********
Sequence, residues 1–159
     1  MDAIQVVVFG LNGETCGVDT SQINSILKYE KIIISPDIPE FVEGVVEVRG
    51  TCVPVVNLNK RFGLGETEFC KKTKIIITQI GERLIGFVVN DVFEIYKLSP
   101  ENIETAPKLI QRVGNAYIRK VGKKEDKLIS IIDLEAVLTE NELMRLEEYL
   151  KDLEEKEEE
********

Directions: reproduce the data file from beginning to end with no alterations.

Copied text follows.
Sequence, residues 1–159
     1  MDAIQVVVFG LNGETCGVDT SQINSILKYE KIIISPDIPE FVEGVVEVRG
    51  TCVPVVNLNK RFGLGETEFC KKTKIIITQI GERLIGFVVN DVFEIYKLSP
   101  ENIETAPKLI QRVGNAYIRK VGKKEDKLIS IIDLEAVLTE NELMRLEEYL
   151  KDLEEKEEE